Rarity Is Commoner Than You Think
I own a critically endangered plant. It comes from Madagascar, an island degraded by human activity and peppered with endangered species. When I discovered the news that my Gerold’s Thornless Crown of Thorns was on the brink of extinction, I had a flashback to planning the Rare & Endangered Plants Garden for the Royal Botanic Gardens, Sydney back in the 1990’s.
One sign I drafted for that garden was linked to interpreting plantings of rare plants from islands:
“Isolated from the rest of the world, island plants and animals tend to evolve in ways that make them different from their mainland relatives. Because of limited area, an island holds a relatively small population of any animal or plant, and a small population is more easily wiped out.
The arrival of Polynesians in Hawaii 1,500 years ago is thought to have consigned as many as 40 bird species to oblivion, and with them the plants that depended on those birds for pollination. Since settlers reached Madagascar 1,500 years ago, about 80% of the original forest has disappeared.
Tiny Philip Island, south of Norfolk Island, was denuded by rabbits, goats and pigs introduced by European settlers. However, since rabbits were eliminated in 1986, plant species previously thought extinct have re-emerged from dormant seed.
Mining on the Pacific Island of New Caledonia has devastated habitats that are home to many of New Caledonia’s rare native plants. The island’s soils are fragile and revegetation takes decades after they’ve been disturbed”.
Last winter, I bought my specimen of the Thornless Crown of Thorns (Euphorbia geroldii) because I had only ever seen one in a book.
This pretty little succulent is never without flowers, and one feature is these usually open in pairs. It’s cute. This plant forms a small bush about 60cm high, so it’s good for a pot or well drained border. The glossy leaves, which thicken up in summer, turn this into such a lush little plant you might overlook the fact that it is a succulent.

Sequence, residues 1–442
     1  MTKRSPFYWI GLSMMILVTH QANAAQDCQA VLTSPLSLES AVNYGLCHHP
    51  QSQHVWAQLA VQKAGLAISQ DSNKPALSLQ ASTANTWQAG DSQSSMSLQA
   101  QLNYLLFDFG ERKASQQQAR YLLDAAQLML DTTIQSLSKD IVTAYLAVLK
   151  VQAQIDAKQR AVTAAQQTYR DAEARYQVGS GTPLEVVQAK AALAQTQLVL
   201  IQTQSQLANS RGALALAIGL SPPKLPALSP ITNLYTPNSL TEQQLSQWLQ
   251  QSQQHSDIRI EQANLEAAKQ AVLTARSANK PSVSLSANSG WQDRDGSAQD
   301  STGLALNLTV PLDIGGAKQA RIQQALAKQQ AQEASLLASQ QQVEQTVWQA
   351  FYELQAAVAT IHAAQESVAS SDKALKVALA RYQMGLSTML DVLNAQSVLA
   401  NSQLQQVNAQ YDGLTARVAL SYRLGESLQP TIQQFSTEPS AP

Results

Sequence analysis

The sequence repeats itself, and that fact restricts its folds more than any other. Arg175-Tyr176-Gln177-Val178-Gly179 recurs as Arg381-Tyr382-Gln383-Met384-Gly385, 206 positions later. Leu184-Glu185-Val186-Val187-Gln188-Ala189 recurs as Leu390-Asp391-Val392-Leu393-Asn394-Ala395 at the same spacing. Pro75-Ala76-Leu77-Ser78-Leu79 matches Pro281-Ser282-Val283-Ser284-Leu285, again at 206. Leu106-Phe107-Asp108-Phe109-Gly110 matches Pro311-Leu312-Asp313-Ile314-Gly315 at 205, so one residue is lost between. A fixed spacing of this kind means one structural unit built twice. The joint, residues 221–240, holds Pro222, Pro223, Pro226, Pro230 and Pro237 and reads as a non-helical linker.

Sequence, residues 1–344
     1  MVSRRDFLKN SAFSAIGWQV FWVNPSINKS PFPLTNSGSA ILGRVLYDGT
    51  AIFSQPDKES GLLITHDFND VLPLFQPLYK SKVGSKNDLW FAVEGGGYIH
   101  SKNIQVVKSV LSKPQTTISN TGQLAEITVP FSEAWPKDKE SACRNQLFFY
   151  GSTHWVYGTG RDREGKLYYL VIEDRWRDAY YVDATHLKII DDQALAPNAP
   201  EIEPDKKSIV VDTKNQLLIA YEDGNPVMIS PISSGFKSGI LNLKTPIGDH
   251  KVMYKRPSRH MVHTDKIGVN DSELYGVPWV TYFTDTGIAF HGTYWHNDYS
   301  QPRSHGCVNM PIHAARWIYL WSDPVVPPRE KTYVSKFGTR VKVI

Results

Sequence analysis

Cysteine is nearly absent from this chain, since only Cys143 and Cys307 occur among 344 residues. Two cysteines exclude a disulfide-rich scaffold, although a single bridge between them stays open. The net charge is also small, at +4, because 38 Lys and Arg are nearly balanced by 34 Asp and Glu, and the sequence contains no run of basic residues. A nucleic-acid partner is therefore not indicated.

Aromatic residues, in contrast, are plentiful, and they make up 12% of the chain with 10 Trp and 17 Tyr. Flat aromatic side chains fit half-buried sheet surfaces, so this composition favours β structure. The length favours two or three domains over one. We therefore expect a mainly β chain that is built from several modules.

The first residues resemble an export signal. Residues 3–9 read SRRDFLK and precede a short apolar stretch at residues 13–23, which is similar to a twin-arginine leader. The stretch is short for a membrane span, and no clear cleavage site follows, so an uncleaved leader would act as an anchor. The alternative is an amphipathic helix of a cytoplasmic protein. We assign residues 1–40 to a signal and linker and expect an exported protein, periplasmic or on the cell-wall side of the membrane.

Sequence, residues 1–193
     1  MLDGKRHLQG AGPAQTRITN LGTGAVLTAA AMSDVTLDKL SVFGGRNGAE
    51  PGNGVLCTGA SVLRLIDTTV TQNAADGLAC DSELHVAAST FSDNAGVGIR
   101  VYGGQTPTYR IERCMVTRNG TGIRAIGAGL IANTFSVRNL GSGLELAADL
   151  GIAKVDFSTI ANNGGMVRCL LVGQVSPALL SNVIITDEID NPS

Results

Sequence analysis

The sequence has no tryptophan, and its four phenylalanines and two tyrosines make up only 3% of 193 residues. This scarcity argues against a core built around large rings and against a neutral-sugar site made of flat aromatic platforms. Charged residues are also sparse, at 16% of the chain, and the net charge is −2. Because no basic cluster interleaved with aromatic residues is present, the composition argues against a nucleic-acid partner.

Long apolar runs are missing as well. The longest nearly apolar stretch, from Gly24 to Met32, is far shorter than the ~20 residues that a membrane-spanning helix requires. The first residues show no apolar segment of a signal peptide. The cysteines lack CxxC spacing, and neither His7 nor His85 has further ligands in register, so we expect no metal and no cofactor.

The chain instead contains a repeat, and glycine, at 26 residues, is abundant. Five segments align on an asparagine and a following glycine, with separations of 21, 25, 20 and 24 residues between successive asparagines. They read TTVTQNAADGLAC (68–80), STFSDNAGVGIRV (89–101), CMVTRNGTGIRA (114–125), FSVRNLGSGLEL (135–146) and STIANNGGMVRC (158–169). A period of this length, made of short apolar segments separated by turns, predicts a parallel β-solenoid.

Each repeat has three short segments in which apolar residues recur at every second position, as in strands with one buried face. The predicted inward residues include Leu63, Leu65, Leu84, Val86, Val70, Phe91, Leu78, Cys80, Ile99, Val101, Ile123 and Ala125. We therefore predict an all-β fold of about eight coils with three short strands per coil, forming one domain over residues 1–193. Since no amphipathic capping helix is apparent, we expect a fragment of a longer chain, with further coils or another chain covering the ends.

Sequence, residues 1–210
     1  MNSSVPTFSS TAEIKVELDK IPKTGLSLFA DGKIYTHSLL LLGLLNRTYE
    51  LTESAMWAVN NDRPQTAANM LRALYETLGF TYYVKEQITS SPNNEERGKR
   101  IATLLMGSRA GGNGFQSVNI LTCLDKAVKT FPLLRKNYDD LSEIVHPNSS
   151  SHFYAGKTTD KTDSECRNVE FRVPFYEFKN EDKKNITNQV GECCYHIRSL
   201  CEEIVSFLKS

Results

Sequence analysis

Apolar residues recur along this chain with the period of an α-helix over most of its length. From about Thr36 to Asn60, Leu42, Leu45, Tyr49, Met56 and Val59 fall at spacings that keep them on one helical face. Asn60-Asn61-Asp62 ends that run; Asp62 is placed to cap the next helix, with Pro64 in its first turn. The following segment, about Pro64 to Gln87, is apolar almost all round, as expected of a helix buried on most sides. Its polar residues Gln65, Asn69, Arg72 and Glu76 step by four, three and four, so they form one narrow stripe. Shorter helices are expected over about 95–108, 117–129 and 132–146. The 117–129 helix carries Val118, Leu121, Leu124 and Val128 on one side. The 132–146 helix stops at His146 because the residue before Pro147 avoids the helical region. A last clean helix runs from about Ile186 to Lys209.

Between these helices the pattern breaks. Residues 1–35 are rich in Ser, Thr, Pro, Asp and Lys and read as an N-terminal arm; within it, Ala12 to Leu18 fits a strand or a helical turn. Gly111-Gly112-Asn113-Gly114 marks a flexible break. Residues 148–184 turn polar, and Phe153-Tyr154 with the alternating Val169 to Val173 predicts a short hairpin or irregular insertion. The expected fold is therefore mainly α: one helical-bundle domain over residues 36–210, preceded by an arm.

While the Thornless Crown of Thorns is thornless, it is a Euphorbia. So you must protect your eyes and skin from its caustic, toxic sap.
I checked out some information on the web and found that, while it is sold commercially, it is at risk of extinction in the wild. So many plant species are now threatened with extinction while the news was unexpected, this situation is commoner than you’d think. Around 15-20% are now threatened. Many years ago, I wrote an article ‘Rarity is commoner than you think’ for the Friends of the Royal Botanic Gardens, Sydney. The piece served to illustrate both the sharply rising number of endangered species on Earth (and in botanic garden collections). Many species, while rare in nature, are not necessarily difficult for ordinary gardeners to grow or propagate at home.
The International Union for the Conservation of Nature (IUCN) publishes a Red List of threatened species which classes the Thornless Crown of Thorns, Euphorbia geroldii, as critically endangered. It is endemic to north eastern Madagascar, where it grows in coastal forest on sand.
It is found only within forest surrounding the small city of Vohemar (aka Iharanae), in an area (from GIS analysis) below 1 km². The IUCN say this species is highly susceptible to any disaster, including human induced fires, habitat degradation and habitat clearing for making charcoal.
Collection of wild plants for local and international horticultural trade is also a threat, so trade in this plant is regulated by the Convention on International Trade in Endangered Species of Wild Fauna and Flora (CITES), an international agreement between governments. CITES aims to ensure that international trade in specimens of wild plants (and animals) does not threaten their survival. Euphorbia geroldii is listed under Appendix II.